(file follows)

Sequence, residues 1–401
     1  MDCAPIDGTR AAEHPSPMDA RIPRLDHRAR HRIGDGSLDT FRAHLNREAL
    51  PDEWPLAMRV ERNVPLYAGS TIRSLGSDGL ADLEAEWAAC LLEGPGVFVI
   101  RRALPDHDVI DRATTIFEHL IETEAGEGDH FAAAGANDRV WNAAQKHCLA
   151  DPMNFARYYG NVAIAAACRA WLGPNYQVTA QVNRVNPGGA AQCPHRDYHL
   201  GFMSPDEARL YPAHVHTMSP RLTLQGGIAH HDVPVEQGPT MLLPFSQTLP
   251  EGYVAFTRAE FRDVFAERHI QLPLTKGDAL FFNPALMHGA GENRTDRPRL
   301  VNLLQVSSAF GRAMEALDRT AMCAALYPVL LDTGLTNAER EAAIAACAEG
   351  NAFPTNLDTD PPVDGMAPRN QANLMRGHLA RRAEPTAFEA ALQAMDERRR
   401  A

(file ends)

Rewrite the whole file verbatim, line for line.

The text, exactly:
Sequence, residues 1–401
     1  MDCAPIDGTR AAEHPSPMDA RIPRLDHRAR HRIGDGSLDT FRAHLNREAL
    51  PDEWPLAMRV ERNVPLYAGS TIRSLGSDGL ADLEAEWAAC LLEGPGVFVI
   101  RRALPDHDVI DRATTIFEHL IETEAGEGDH FAAAGANDRV WNAAQKHCLA
   151  DPMNFARYYG NVAIAAACRA WLGPNYQVTA QVNRVNPGGA AQCPHRDYHL
   201  GFMSPDEARL YPAHVHTMSP RLTLQGGIAH HDVPVEQGPT MLLPFSQTLP
   251  EGYVAFTRAE FRDVFAERHI QLPLTKGDAL FFNPALMHGA GENRTDRPRL
   301  VNLLQVSSAF GRAMEALDRT AMCAALYPVL LDTGLTNAER EAAIAACAEG
   351  NAFPTNLDTD PPVDGMAPRN QANLMRGHLA RRAEPTAFEA ALQAMDERRR
   401  A